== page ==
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Sonistic

Photo by: John Dixon

You're working in a cafe and need to take an important phone call. But your business associate on the other end of the line can't hear you because of the noise from the espresso machine and the conversations of other patrons in the cafe.

Aaron Jones is working on technology to solve the problem.

Jones is president of Sonistic, a company in the University of Illinois Research Park that develops technology, both hardware and software, to improve audio in consumer devices.

"It's relevant to so many devices we all use on an everyday basis," Jones said. "We've all gotten phone calls where we can't even talk to the person because there is so much background noise."

Jones said the technology is useful with a conversation between two people over a cellphone or Skype, and also with voice-recognition software, which he said tends to fail if there is background noise.

The technology uses a microphone array with multiple microphones to help distinguish where a sound is coming from, capture sound coming from the direction of the speaker and filter out extraneous noise.

It grew out of the work of Douglas Jones, a UI professor of electrical and computer engineering whose research involves digital signal processing, and who is also Aaron Jones' father. The two founded Sonistic in 2011.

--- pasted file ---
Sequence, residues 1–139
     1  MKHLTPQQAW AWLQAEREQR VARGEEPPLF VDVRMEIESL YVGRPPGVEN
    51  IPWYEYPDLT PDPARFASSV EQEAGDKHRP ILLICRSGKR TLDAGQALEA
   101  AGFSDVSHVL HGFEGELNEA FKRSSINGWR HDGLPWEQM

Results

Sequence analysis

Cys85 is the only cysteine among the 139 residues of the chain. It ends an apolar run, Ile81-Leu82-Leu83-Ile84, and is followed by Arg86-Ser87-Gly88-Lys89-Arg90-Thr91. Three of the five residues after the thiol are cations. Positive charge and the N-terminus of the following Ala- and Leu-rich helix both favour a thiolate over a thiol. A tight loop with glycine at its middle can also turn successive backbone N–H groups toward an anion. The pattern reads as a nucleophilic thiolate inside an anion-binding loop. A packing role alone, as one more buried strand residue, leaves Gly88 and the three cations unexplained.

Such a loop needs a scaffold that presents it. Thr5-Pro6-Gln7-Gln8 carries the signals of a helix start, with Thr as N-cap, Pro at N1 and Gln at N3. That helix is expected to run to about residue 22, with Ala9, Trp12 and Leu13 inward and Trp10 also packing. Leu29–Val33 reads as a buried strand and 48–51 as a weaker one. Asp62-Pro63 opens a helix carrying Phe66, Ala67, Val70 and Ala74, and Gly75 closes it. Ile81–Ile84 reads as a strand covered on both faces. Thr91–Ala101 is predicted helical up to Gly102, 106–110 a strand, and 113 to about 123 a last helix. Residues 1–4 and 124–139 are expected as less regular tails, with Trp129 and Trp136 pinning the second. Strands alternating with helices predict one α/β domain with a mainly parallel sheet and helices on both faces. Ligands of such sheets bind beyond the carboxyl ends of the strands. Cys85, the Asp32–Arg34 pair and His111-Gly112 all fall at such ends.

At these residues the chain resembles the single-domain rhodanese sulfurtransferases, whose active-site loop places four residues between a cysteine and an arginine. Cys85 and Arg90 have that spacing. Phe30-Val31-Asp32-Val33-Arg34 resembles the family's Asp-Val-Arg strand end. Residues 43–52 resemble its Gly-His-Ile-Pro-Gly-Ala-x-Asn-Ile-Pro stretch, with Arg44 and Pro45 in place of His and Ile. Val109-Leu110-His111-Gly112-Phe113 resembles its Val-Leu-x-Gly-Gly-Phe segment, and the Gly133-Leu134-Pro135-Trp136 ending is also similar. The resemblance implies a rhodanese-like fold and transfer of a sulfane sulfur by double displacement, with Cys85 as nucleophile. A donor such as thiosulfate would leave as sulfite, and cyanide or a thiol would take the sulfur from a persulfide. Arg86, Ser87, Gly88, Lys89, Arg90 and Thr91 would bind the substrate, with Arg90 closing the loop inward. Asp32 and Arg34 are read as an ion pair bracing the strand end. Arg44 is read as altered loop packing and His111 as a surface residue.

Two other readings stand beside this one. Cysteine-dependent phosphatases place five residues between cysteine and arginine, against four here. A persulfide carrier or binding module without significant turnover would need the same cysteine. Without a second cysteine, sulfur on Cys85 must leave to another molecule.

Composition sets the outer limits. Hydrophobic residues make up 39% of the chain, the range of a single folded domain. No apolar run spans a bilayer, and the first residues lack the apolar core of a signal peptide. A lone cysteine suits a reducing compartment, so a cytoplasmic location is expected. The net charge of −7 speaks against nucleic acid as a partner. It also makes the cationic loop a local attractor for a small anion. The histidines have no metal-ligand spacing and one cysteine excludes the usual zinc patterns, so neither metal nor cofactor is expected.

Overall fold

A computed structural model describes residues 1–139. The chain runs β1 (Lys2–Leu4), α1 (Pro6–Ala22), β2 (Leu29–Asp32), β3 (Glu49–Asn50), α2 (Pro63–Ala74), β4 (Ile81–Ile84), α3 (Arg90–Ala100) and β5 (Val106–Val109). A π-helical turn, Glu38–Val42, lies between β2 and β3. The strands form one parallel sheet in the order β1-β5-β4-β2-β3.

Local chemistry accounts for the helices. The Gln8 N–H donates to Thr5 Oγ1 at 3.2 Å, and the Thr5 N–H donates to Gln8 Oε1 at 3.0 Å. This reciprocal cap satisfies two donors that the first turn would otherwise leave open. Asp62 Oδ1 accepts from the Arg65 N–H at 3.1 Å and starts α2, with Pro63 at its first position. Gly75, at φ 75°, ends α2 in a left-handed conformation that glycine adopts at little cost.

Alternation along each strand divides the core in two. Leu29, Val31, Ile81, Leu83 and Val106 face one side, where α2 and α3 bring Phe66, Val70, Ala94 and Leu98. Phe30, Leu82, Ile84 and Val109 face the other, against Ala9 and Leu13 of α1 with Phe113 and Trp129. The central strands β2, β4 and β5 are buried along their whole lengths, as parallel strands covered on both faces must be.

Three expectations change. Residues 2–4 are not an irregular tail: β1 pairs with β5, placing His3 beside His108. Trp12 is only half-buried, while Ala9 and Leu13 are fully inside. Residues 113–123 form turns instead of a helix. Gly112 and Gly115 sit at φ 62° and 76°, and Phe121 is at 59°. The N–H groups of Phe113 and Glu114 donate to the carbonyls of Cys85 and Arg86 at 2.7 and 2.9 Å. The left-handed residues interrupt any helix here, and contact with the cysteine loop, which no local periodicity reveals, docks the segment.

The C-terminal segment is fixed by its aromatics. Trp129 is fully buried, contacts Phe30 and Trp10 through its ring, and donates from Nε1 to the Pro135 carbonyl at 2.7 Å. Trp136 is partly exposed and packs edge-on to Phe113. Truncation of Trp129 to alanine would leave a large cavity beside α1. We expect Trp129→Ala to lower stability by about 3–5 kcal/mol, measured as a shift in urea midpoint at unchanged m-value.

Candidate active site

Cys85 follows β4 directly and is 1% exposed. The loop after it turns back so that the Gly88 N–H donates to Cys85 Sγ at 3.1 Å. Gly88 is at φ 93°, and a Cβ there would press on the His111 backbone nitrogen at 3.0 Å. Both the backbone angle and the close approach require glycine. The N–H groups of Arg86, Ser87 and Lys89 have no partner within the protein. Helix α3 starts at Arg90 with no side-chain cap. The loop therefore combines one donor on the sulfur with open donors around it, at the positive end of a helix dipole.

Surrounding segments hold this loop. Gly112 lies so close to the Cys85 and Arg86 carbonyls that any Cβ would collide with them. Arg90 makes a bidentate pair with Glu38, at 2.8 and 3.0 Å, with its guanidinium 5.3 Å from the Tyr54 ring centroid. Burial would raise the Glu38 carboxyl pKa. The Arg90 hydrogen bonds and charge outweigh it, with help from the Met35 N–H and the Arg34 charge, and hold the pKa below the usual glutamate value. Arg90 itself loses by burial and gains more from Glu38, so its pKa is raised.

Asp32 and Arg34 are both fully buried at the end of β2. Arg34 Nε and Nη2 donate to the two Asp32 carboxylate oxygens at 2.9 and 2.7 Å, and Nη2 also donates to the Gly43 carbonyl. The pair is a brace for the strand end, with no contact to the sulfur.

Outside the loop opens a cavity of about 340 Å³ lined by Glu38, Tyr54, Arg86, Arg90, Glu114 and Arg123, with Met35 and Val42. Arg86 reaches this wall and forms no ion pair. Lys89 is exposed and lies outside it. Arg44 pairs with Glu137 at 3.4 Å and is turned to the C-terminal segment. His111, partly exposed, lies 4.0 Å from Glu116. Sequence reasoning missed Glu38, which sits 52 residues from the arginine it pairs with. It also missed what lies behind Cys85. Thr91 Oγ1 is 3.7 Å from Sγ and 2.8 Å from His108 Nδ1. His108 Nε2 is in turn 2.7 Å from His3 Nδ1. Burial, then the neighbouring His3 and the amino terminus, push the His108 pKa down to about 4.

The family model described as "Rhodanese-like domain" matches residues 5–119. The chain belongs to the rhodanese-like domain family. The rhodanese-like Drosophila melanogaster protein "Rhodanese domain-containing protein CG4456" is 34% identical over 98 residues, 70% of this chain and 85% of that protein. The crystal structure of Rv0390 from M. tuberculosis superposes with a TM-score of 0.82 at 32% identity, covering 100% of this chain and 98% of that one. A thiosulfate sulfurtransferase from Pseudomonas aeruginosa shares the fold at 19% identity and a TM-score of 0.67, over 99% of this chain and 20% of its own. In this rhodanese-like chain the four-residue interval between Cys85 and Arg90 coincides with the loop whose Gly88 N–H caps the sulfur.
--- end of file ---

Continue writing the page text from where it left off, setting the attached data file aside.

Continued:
It's not just the microphone array, though, but the software that processes the signals that is the key to the technology.

"The power is really in the software," Jones said. "It's taking four messy signals and processing those signals. That's really where the core technology lies."

The company received federal research grants that enabled it to develop a prototype. Jones demonstrates it to potential partners or investors with a Skype call at Cafe Kopi. Jones will talk without the use of the device, then with it.

"Basically the noise just disappears," he said.

Jones said the company is applying for more grant funding as well as talking with potential investors and strategic partners who are looking at how they might integrate the technology into their products. That includes companies that manufacture computer chips and semiconductors and want to offer top-of-the-line audio capabilities to electronics manufacturers.

The next step, he said, is getting the software into a distributable form, so it can run on a low-power processor in a laptop or phone.

Jones said Sonistic has a substantial edge over its competitors because of the size of its array.

"Ours is the smallest device out there," Jones said. "The size of our arrays makes them practical for use in any type of consumer electronics. We can get performance as good using an array that's the size of a postage stamp. It's a fairly major advantage for portable devices."

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